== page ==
It is estimated that of all the property taxes we pay each year, well over half of those dollars goes to the school system. Most of us say that’s just fine, except it keeps going up nearly 10% a year.
Until recently, all that has been done about it is a long string of editorials in our various newspapers and an occasional conversation in Albany that has gone basically nowhere. Even the Pataki “STAR” system is coming under increasing criticism saying that the tax break received is quietly made up for in other forms of revenue collection.
In a River Journal interview with Sandy Galef, New York State Assembly Member from the 90th District (the Western half of Putnam County and the Hudson side of Northern Westchester), Galef indicated that she could be the first to not only do something but is willing to take on the basic challenges in fixing the system. Sandy is a former school teacher and former Westchester County legislator, and is now in her 8th term in the State Assembly. One year ago, Sandy was named Chairperson of the State Real Property Taxation Committee in the Assembly, and is now examining what appears to many laymen as long term apathy toward a property tax structure that is increasingly hurting just about everybody. What’s more, NY State and Westchester County are ranked near the top of property taxpayers and it doesn’t look like it’s going to stop anytime soon.
Galef is currently looking at tax problems in a way that NY State politicians probably did not anticipate, i.e., she has immediately focused on the base problem of the system, which is the continuous conflict of various political and commercial real estate interests that are too often at cross purposes with one another, making clear solutions by our legislators nearly impossible. Nowhere, for example, is the problem more clearly illustrated than the taxation of NY’s condominiums versus that of similarly sized and valued “stand-alone” homes. Currently, condominiums are taxed as commercial property with a tax base nearly half that of the residential “stand-alone” home, often located in the same neighborhood. When it comes to making the obvious adjustment, local politicians, depending on the location and circumstance, are not about to vote against a real estate law that helps their constituencies, nor will they vote for a law that adversely hurts local voter interests. To that point, in far too many cases, our politicians have simply gone silent when tax issues arise. Lawmakers have even allowed this conflict to go unattended because condominiums have also represented, in many cases, “affordable housing” with a condominium’s lower buying price along with the obvious abatement in property tax levels.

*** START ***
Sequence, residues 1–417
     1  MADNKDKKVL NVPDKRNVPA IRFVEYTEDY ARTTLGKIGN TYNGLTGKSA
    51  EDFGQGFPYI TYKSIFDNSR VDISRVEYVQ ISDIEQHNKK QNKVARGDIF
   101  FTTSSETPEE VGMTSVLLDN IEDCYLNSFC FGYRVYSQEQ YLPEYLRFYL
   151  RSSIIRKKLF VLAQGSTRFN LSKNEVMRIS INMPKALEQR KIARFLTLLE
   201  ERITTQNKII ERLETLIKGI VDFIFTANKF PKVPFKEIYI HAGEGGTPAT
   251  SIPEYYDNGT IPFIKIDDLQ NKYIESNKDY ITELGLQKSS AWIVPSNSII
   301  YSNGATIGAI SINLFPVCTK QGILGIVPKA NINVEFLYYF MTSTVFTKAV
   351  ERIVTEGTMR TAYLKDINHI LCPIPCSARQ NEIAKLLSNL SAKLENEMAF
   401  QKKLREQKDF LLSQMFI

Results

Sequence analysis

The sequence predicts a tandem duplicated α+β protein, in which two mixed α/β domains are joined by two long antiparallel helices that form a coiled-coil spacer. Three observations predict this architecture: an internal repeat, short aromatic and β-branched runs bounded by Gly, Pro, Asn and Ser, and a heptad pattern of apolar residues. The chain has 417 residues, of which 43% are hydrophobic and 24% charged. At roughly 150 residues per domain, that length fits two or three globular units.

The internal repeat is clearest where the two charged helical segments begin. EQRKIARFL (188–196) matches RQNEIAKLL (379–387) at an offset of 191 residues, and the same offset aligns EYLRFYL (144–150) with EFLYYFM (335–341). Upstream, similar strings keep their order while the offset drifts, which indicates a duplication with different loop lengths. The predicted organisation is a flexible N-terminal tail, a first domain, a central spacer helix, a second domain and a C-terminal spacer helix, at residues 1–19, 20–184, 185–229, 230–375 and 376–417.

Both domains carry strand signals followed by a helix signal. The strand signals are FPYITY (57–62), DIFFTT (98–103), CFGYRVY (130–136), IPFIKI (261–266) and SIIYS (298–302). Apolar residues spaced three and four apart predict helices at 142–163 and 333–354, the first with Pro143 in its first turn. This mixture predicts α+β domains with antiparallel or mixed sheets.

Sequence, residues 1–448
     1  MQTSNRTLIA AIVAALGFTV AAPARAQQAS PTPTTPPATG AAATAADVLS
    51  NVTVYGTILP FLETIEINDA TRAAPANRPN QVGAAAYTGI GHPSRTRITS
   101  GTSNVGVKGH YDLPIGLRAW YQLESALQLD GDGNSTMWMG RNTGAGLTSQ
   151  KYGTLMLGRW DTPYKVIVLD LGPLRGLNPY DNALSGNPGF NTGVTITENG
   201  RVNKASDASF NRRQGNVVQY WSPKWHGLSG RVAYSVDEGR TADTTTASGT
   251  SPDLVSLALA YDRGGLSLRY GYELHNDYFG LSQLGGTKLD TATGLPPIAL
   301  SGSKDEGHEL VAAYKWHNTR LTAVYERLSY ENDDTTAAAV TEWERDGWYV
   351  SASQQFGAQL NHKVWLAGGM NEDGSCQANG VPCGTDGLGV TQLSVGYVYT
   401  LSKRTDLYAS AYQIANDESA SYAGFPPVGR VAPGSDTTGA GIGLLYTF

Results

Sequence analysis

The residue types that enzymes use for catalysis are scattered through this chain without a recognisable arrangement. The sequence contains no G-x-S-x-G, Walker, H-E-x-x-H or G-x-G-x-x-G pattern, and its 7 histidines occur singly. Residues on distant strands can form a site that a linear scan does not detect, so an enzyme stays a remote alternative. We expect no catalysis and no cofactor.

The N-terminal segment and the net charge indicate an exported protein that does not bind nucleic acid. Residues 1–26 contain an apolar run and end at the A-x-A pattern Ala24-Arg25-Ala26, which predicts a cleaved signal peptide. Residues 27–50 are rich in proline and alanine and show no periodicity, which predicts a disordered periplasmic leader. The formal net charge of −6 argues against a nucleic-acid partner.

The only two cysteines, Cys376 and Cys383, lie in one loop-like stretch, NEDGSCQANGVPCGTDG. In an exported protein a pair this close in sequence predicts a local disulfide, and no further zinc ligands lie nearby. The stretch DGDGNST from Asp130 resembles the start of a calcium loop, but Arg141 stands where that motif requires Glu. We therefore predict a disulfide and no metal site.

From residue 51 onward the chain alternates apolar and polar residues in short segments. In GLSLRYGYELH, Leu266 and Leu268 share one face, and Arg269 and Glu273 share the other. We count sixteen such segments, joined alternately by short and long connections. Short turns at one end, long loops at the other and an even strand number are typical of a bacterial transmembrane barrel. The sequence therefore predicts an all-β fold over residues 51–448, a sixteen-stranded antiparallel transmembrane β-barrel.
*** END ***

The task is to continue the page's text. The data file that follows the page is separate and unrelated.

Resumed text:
The list of time-worn conflicts does not stop there. Because of current appreciation differences in commercial property values versus residential, village tax collectors are now being sued successfully by condominium and business owners for excessive tax evaluations and are receiving large rebates or “certioraris” as they are known as in the real estate industry. The net for the school system is a doubling effect, i.e., the school system not only loses already collected tax revenues, but those properties are forever off the roles as annual high tax producers, and next year’s property tax is once again higher than last year’s.
Even if the valuation system is brought up to date, the net can still be that a large portion of the community no longer has sufficient income to pay their rising property taxes. They are too often being forced to sell their homes and move elsewhere, quite often away from older children and friends. A number of politicians have asked for an income tax rather than a property tax in this situation, but certain elements of the construction industry will not go along easily with this suggestion. Others are thinking about a special “reverse” mortgage plan that specifically addresses long-range property taxes.
When it comes to rentals, many villages are not getting full revenue from their renters since the property owner is responsible for the tax bill. The result is that the apartment renter does not contribute at the level of a homeowner. Some experts estimate that a renter is the equivalent of 1/2 of a single family homeowner.
In a very real sense, the current property tax situation is as close to a “Gordian Knot” as you are going to get. Galef hopes to appoint a Blue Ribbon Panel to develop suggestions. She is emphatic that overriding all applicable “special interests” will take at least a County-wide set of rules to provide the necessary clout to make changes. She is also pleased with the parallel interests of Howard Smith, Sleepy Hollow’s Superintendent of Schools, who has held at least one major meeting on the subject with other school officials from neighboring school systems. Smith also feels that a large body of influence like the State school system is absolutely key for working through the problems. He also feels that the individual citizen is not organized enough to put sufficient pressure on individual districts and their representatives in order to begin the necessary corrections. It should also be noted that our new Governor, Eliot Spitzer, has made it clear that he also wants to improve the situation.
Whatever happens, it will take the initiative of Galef and Smith to pull it off. Both are absolutely correct that it will take the force of many school districts to make changes. The difference is that we now have the promise that somebody is, indeed, starting to do something about it!